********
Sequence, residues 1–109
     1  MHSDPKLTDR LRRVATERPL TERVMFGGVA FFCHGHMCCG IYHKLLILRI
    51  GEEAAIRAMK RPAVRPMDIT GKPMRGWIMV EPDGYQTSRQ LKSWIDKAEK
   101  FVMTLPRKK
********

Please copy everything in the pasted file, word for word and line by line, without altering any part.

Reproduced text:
Sequence, residues 1–109
     1  MHSDPKLTDR LRRVATERPL TERVMFGGVA FFCHGHMCCG IYHKLLILRI
    51  GEEAAIRAMK RPAVRPMDIT GKPMRGWIMV EPDGYQTSRQ LKSWIDKAEK
   101  FVMTLPRKK